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Another look at the LHS project

Date: 4/12/2010

There is a posting on the Longmeadow High School Building Committee (LHSBC) web site claiming to set the record straight. It states, in part, that "it is important that the facts (their underline) about the Longmeadow High School (LHS) building project are clearly articulated". But the LHSBC "facts" make no mention of how the Massachusetts School Building Authority (MSBA) was persuaded to reverse itself and approve development of Scheme 2B, demolition and new construction (D&C).

After a spirited meeting in Boston concerning Scheme 2B, D&C, emails were sent to the LHSBC members stating that MSBA had requested further study of a scheme for rehab of the existing building and submittal of related new documents. Rumor has it that contact was then made with elected officials and, shortly thereafter, MSBA suffered a change of heart and approved the Longmeadow School Committee (LSC) wish list plan, Scheme 2B, D&C.

The date of approval shown in the Web site posting is 18 Nov. 2009. On the front page of The Reminder dated 23 Nov. 2009 is the headline, "MSBA approves Longmeadow High School's option 2B". Below the headline is a photograph of Principal Larry Berte at the podium, welcoming Congressman Richard Neal, State Senator Gale Candaras, and State Representative Brian Ashe to the approval announcement press conference which took place on 20 Nov. 2009.

The Reminder article also quotes the MSBA executive director Katherine Craven's statement that the new facility will address the LSC's mythical, "overcrowding at the Longmeadow High School". And it mentions that, at the press conference held on Friday, 20 Nov. 2009, where the welcoming photograph was taken, Neal, Candaras, and Ashe "voiced their support of the project to Craven".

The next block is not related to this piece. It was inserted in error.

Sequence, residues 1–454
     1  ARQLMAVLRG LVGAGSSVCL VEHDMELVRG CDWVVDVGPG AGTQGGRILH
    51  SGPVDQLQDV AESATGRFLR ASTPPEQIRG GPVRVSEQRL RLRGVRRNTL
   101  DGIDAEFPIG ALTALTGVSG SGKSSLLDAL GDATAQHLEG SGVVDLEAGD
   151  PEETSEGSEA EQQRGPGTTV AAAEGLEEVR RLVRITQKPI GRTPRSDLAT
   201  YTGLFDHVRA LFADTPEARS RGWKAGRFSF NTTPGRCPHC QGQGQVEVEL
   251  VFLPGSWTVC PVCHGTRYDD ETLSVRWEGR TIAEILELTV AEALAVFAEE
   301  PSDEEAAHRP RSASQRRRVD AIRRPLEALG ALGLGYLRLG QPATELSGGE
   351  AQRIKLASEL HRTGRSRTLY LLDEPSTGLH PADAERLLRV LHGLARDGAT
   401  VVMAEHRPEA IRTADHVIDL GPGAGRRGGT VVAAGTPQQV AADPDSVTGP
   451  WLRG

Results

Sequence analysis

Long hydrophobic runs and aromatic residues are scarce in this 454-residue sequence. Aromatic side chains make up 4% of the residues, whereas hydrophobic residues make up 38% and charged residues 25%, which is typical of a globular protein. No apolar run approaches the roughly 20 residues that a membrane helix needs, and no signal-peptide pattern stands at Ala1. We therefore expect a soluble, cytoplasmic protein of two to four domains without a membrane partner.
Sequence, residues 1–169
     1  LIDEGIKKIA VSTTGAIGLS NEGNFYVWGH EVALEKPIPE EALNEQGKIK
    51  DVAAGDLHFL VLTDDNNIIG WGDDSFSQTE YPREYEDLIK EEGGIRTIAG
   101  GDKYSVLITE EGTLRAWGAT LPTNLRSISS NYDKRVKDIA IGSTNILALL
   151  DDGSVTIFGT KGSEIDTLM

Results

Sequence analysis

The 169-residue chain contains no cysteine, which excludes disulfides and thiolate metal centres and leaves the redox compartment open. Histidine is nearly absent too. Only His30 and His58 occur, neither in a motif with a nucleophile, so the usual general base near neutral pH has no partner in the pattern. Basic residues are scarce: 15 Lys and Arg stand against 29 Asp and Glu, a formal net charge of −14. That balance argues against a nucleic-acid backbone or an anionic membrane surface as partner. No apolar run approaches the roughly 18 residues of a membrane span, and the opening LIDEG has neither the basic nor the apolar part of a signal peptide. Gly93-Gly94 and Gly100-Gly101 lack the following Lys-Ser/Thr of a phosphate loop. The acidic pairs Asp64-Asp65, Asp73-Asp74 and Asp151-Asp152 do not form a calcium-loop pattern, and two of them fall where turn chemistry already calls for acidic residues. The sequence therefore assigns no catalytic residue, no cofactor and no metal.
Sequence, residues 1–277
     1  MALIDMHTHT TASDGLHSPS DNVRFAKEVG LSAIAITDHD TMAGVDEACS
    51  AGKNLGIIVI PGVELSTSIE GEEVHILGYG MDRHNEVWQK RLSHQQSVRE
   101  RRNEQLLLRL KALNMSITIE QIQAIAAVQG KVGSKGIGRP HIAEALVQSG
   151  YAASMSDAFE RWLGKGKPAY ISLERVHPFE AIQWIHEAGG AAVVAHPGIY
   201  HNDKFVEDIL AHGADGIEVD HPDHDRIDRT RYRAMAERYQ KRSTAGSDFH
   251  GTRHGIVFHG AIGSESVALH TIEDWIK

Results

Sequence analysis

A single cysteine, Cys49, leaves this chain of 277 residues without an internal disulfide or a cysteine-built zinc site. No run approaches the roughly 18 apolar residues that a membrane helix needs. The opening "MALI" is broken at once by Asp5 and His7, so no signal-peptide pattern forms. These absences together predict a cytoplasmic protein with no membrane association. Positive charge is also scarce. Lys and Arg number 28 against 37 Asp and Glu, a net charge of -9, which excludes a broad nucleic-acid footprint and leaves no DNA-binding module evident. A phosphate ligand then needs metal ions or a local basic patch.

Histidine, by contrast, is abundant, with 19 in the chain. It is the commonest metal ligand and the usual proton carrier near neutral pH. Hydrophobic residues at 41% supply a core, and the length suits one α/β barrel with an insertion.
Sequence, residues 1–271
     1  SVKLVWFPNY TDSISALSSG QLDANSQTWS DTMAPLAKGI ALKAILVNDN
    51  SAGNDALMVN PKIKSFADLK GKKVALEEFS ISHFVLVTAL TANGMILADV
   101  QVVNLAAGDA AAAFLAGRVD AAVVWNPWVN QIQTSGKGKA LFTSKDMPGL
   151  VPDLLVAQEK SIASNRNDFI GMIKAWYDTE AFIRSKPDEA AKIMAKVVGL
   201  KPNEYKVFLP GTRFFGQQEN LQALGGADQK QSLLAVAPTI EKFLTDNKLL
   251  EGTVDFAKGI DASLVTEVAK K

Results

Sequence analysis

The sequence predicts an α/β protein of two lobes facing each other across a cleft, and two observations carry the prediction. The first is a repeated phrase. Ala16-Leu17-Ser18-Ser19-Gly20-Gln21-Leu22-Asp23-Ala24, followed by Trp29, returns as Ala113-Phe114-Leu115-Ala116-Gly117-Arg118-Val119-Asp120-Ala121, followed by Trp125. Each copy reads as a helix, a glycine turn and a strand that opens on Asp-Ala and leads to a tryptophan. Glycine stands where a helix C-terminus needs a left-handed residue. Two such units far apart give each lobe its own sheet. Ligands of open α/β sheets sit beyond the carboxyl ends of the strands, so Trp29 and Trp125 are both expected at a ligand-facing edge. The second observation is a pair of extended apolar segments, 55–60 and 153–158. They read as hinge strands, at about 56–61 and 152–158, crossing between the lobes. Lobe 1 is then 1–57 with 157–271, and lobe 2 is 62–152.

The sequence of events on Nov. 18, 20, and 23 reported in the Reminder article raises a legitimate question as to whether Scheme 2B, demolition and new construction, was approved based solely upon its merits, as claimed by the LHSBC.

With regard to rehab versus new construction, the LHSBC web site posting states that,"... the District selected three options as being the options that most favorably address the District's educational goals, construction cost criteria, and operational costs". One of the three options chosen was Scheme 1B, described as, "Full Renovation with limited relocation of program areas and demolition of interior walls to accommodate larger classrooms". Inclusion of that option by the LHSBC was a clear and unequivocal statement that rehab of the present LHS building would meet our needs. And conventional wisdom reliably places the cost of rehab at half the cost of demolition and new construction.

But it appears that the LHSBC was never really interested in a rehab plan. The Reminder article goes on to quote LHSBC member Joyal's statement that, "Longmeadow's been pushing this new facility for a while". We know this to be true because the LHSBC committee's initial interview of its three public members included the question, "Do you favor rehab or new construction?".